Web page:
Feature tracking is an important research topic in computer vision, and has been widely studied in the last decades. It is a core building block of numer- ous applications, such as object tracking [3] or Simultaneous Localization and Mapping (SLAM) [4–7]. While feature detection and tracking methods for frame- based cameras are well established, they cannot track in the blind time between consecutive frames, and are expensive because they process information from all pixels, even in the absence of motion in the scene. Conversely, event cameras acquire only relevant information for tracking and respond asynchronously, thus, filling the blind time between consecutive frames.

    In this work we present a feature tracker which works by extracting corners in frames and subsequently tracking them using only events. This allows us to take advantage of the asynchronous, high dynamic range and low-latency nature of the events to produce feature tracks with high temporal resolution. However, this asynchronous nature means that it becomes a challenge to associate individual events coming from the same object, which is known as the data association problem. In contrast to previous works which used heuristics to solve for data association, we propose a maximum likelihood approach based on a generative event model that uses the photometric information from the frames to solve the problem. In summary, our contributions are the following:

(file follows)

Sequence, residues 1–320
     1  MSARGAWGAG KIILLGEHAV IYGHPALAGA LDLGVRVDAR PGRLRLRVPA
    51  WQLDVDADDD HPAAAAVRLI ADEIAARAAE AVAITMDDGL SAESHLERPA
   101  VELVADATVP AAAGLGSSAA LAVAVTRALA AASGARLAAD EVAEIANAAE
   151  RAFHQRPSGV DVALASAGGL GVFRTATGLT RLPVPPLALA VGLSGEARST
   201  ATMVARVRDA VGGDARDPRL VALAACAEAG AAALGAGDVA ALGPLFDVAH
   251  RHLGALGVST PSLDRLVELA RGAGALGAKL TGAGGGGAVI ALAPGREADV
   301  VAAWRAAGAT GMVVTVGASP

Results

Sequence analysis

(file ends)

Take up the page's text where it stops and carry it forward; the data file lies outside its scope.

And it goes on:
• We introduce the first feature tracker that combines events and frames in a way that (i) fully exploits the strength of the brightness gradients causing the events, (ii) circumvents the data association problem between events and pixels of the frame, and (iii) leverages a generative model to explain how events are related to brightness patterns in the frames.